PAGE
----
CHARLESTON, W.Va. — Caleb Schoolcraft was sitting in his junior ROTC class at Riverside High School in Kanawha County when he saw on television a plane hit the World Trade Center in New York City on Sept. 11, 2001. That’s the moment he knew he wanted to join the military.
“I was always on the fence, but when that happened, I took it as a sign,” Schoolcraft told MetroNews Thursday.
Schoolcraft is now a staff sergeant for the West Virginia Army National Guard. He joined the Guard at the age of 18 in July 2002, less than a year after the terrorist attacks.
“Being younger frightened me. Here I am trying to make this decision to join and then I hear we’re going to war. It made me question myself,” he said.
The pain of seeing the horror through his TV screen stuck with him.
“It hurt because my nation was under attack from forces who, at that time, we didn’t know who they were,” Schoolcraft said. “That spoke to me personally and I felt a responsibility to step up and help defend my country.”
The biggest lesson Schoolcraft learned is that no one is invincible, not even American citizens.
“Even if we can be attacked with an act of terrorism, we really need to step up,” he said.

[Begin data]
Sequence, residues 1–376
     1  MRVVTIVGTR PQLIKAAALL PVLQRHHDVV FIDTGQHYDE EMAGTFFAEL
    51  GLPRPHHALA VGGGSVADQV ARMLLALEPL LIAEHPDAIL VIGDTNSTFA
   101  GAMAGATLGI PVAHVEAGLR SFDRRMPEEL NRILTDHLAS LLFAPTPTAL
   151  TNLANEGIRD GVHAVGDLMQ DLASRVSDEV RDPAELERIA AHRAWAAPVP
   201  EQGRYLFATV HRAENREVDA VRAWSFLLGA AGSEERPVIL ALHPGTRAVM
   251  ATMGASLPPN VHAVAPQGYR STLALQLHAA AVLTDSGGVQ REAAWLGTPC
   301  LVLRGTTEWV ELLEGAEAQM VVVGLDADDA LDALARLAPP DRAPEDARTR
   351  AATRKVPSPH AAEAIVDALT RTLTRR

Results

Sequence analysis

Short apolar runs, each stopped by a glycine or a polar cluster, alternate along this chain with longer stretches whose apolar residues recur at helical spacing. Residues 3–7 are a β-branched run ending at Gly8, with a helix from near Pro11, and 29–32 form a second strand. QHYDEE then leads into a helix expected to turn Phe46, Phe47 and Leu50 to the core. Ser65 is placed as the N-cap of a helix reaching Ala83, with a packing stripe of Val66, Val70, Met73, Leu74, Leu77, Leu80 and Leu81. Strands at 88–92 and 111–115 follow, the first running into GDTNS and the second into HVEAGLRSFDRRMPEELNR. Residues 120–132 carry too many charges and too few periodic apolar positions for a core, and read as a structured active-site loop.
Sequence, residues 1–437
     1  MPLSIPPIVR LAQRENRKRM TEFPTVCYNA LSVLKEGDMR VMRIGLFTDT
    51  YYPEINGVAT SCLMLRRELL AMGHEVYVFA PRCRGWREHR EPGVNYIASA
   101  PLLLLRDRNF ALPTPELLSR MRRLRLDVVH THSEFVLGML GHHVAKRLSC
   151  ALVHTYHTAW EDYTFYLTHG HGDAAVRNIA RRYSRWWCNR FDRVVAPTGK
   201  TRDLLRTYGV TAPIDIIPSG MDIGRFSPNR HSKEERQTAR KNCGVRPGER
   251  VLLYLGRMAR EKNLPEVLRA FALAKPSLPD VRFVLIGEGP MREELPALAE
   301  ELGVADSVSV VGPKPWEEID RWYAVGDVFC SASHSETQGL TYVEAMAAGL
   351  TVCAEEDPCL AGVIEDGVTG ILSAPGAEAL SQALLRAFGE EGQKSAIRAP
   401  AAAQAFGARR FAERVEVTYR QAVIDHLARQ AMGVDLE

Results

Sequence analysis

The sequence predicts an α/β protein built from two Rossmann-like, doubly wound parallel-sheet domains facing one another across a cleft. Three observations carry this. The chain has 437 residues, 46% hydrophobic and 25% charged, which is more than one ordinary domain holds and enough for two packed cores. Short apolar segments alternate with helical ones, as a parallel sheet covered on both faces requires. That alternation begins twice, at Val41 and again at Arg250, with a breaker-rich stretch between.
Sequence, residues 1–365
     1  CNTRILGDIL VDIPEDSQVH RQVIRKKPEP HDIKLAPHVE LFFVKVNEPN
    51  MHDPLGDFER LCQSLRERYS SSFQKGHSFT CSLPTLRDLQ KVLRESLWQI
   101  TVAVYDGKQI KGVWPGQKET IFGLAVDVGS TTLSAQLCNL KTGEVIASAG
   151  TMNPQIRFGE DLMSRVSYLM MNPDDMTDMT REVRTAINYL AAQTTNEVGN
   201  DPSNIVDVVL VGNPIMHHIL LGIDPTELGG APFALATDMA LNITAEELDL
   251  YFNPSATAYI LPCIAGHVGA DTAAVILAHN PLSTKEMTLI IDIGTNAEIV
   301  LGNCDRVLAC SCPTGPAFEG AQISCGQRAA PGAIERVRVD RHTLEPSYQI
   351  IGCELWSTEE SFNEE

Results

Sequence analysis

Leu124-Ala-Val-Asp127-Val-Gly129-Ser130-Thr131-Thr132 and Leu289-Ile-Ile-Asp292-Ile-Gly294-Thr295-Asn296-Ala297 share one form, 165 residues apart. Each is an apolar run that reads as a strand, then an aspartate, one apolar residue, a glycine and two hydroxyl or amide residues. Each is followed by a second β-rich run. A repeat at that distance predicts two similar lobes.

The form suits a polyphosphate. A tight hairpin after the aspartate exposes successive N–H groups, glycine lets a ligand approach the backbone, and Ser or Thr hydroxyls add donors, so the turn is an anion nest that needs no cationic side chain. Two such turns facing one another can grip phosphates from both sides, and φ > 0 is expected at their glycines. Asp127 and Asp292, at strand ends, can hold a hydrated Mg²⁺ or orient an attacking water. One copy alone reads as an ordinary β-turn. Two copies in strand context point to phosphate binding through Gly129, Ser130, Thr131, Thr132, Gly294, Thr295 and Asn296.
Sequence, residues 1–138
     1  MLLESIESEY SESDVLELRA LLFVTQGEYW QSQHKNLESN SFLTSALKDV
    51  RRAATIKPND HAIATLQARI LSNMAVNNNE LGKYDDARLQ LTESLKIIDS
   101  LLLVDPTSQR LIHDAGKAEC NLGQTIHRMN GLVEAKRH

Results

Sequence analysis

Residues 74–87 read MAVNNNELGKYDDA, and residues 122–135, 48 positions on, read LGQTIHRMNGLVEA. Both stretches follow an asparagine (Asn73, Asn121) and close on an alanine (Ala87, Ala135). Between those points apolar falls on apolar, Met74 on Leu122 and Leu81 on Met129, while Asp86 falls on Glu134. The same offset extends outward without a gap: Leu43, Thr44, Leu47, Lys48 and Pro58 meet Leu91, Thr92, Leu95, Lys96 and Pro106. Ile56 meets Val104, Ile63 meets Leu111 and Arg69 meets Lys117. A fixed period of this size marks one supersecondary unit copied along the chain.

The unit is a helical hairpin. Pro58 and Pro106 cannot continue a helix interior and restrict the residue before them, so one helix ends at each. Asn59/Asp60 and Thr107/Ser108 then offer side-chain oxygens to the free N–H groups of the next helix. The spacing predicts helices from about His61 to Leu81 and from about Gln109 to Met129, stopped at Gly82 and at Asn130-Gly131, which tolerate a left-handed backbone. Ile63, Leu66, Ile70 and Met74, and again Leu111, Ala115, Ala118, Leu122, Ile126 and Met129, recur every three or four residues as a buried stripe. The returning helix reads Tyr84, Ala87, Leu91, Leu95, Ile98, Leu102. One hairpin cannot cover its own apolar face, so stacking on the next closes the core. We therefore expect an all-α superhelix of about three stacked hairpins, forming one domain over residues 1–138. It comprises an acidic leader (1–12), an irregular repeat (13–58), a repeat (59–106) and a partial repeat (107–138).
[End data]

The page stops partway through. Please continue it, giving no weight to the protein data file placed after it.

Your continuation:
U.S. Senator Joe Manchin (D-W.Va.) served as West Virginia Secretary of State at the time. He recalled being at the state Capitol in Charleston where he watched the same news coverage of the chaos in lower Manhattan.
Manchin, a pilot, said he immediately thought of how strange it was to see a plane fly so low in a major city like New York.
“I thought that’s a tremendous accident. The sky was clear. How could that happen? A plane that large? Something didn’t make sense,” Manchin said.
It wasn’t until the second hijacked plane hit the South Tower that Manchin knew America was under attack.
There was so much uncertainty among West Virginians. Justin Pruett, of Wyoming County, was in his eighth grade science class at Baileysville Elementary & Middle School when he saw the collapse of the Twin Towers.
“All of a sudden the principal came over the intercom and told us to turn on the TV because there was chaos happening,” he said. “We all just sat in silence and watched.”
There was fear of a potential threat in West Virginia as airports nationwide were forced to ground all aircraft.
“We didn’t know if the world was ending, if we were all at war, if I should call my parents and check in?” said Pruett, now 34, who owns the Folklore Music Exchange store in downtown Charleston.
“You don’t expect things like that to happen in your lifetime. It sticks with you forever,” he said.
The same feeling holds true for people in neighboring states. North Carolina resident Joy Resor paused to remember the 20th anniversary of 9/11 during a stop in downtown Charleston Wednesday.
“I remember that it changed me to being into a very fearful person. I didn’t want to travel anymore for a long time,” Resor said.
While time has helped heal the trauma from that late summer day in September, Resor said her hope is that we can unite together as a country during this time of remembrance.
“I believe in a better world that’s coming,” she said with a smile.
This story is part of a MetroNews series to honor the 20th anniversary of the Sept. 11, 2001 terrorist attacks.